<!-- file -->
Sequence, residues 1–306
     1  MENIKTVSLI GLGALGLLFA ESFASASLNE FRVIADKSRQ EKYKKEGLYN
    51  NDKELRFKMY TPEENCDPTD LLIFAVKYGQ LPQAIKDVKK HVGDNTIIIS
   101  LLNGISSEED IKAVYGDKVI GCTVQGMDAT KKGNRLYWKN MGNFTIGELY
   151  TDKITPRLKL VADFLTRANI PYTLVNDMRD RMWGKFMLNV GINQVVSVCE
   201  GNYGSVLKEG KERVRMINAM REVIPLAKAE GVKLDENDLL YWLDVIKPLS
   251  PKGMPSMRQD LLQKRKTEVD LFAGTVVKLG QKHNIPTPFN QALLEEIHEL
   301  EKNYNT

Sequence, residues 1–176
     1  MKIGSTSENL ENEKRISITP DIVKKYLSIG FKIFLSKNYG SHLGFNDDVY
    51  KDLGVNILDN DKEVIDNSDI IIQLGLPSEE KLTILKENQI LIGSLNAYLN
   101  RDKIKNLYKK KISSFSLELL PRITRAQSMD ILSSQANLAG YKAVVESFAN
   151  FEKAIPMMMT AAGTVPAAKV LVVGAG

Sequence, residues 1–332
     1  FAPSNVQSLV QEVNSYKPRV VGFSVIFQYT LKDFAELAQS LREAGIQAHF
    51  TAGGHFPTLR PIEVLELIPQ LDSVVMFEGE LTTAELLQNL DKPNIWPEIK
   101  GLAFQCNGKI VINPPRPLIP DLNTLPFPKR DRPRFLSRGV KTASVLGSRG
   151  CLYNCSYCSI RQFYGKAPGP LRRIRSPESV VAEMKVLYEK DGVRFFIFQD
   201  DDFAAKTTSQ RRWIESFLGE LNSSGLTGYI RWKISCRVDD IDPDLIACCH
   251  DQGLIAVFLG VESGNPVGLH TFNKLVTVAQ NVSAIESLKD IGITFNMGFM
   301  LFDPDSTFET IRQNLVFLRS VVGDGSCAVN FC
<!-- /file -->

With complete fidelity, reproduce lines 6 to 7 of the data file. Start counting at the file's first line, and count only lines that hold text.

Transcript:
   201  GNYGSVLKEG KERVRMINAM REVIPLAKAE GVKLDENDLL YWLDVIKPLS
   251  PKGMPSMRQD LLQKRKTEVD LFAGTVVKLG QKHNIPTPFN QALLEEIHEL